Commonly Asked Questions About The Compact
- Q: What do you mean by “postsecondary” attainment?
A: “Postsecondary” refers to any valuable credential beyond a high school diploma, including certificates, associate degrees, bachelor’s degrees, and graduate degrees.
- Q: What is collective impact?
A: Collective impact is a method for solving complex problems and advancing social change by bringing together community leaders around a common agenda and shared measurements and goals. Rather than one organization or institution tackling a problem, collective impact is a cross-sector approach to changing and aligning systems to better serve the community. Learn more here.
- Q: What is the geographic scope of the Compact?
A: The Compact’s geographic scope aligns with the Chamber’s 11-county service area, with a special focus on Macomb, Oakland, and Wayne counties.
- Q: What age group does the Compact serve?
A: Compact strategies focus on college access and success for high school-aged students, as well as adult upskilling and attainment. In addition, initiatives such as the Race to the FAFSA Line Campaign for high school seniors and Detroit Reconnect, which offers personalized advising to adults looking to reconnect to education, provide programmatic support to the larger framework.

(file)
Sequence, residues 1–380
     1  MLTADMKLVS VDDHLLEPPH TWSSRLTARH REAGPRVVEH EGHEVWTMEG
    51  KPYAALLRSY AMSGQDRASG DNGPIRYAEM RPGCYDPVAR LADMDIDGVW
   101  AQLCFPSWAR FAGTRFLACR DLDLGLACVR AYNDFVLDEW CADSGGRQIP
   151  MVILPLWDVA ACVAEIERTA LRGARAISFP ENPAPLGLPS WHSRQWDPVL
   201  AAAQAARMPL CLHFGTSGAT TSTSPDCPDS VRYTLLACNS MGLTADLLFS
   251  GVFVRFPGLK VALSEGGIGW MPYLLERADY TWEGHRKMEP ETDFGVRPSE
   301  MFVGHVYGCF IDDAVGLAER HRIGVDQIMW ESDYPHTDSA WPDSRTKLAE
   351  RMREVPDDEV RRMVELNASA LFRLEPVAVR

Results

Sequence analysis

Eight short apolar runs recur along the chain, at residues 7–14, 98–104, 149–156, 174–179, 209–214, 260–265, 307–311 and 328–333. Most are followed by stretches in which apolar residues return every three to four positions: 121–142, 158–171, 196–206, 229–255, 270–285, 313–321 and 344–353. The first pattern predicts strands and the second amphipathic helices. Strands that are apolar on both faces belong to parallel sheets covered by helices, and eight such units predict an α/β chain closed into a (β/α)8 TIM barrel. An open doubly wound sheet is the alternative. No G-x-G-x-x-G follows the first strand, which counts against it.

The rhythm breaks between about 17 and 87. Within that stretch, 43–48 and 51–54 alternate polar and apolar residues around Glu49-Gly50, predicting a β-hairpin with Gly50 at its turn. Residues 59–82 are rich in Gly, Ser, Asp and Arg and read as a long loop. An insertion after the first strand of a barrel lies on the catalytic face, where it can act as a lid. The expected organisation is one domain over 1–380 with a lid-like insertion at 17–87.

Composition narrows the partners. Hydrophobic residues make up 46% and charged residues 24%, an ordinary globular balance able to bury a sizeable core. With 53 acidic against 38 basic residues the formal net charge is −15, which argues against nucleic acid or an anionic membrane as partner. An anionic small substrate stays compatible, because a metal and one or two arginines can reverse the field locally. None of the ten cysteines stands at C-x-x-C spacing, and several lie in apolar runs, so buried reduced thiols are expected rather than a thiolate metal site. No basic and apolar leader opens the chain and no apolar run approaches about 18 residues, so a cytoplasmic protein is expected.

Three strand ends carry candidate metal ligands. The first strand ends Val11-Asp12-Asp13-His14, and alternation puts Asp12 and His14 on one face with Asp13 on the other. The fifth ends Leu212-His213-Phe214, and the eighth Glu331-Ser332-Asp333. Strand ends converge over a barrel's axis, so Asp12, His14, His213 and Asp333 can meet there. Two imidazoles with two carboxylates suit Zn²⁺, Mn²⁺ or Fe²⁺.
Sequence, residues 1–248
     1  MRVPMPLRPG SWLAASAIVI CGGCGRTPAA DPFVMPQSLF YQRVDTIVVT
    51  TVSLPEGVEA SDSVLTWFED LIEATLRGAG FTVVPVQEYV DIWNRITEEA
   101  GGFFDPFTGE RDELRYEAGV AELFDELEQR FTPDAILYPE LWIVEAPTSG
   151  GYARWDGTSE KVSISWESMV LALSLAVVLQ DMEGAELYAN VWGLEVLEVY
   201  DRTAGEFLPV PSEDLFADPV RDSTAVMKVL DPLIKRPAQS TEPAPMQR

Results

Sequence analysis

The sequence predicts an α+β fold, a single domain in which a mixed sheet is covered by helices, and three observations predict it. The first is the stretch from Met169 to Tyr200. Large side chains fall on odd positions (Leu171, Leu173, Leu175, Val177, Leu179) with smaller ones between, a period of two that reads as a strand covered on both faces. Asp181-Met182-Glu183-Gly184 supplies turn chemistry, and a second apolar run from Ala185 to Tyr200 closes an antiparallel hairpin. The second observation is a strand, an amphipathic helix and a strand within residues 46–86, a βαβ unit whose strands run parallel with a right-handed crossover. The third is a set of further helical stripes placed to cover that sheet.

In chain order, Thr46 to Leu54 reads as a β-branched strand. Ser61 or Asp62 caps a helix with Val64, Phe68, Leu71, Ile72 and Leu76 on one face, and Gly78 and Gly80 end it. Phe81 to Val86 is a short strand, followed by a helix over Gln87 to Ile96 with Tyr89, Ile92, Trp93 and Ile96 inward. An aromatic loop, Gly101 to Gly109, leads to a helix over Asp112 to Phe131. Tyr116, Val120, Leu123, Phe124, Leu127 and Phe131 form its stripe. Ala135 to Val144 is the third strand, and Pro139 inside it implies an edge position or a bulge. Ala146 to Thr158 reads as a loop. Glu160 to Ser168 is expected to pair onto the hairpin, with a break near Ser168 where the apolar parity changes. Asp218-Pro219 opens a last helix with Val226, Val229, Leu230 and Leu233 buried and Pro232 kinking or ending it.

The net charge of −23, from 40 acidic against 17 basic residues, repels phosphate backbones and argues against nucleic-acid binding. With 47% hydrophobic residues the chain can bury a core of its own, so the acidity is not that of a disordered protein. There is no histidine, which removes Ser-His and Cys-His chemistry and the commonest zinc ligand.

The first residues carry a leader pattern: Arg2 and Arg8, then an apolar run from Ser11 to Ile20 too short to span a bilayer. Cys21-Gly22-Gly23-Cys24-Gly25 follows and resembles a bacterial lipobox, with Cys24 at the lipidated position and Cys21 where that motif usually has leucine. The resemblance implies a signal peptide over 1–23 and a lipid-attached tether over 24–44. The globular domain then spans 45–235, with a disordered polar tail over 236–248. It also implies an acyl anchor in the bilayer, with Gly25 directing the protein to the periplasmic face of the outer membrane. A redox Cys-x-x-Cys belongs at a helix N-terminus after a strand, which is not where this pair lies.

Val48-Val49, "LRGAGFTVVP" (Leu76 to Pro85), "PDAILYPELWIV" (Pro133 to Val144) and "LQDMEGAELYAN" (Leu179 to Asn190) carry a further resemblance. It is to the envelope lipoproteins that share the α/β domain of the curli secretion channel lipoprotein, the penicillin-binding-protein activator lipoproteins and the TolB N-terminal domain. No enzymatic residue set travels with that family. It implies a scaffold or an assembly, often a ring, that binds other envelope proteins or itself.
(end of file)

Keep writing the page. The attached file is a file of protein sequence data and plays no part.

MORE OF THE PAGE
- Q: What is the role of employers in the Compact?
A: Employers play an integral role in the Compact and the region’s talent strategy more broadly. There are many ways employers can get involved. Outreach into K-12 schools through mentorship programs, career exploration, work-based learning, or simple presentations to students about your business and corresponding education and career pathways contributes to a stronger school-to-work pipeline. Similarly, employer partnerships with higher education institutions can lead to better educational program alignment and internship opportunities that fill talent needs while giving students meaningful work experience. Finally, employers can play a major role in adult upskilling initiatives by offering tuition assistance, onsite learning, and education-friendly policies that make postsecondary attainment accessible and valuable for workers.
- Q: How does the Compact center equity and the particular needs of Black and Latinx learners?
A: Equity is front and center in the Compact, with one of our two primary goals being to decrease the racial equity gap by half by 2030. In fact, if we do not make significant progress in closing equity gaps, we will not reach our attainment goal. To reduce the racial equity gap in attainment by half and achieve the overall 60% attainment goal, over 90,000 Black and 15,000 Latinx students will need to earn degrees in the next decade. We are taking steps to ensure this is accomplished. All of our data is disaggregated by race to allow us to examine the discrepancies between Black and white outcomes at every stage in the talent pipeline and build interventions around these discrepancies. Each institutional action plan incorporates strategies to address equity gaps.
Learn how the Chamber is supporting education and talent in the region.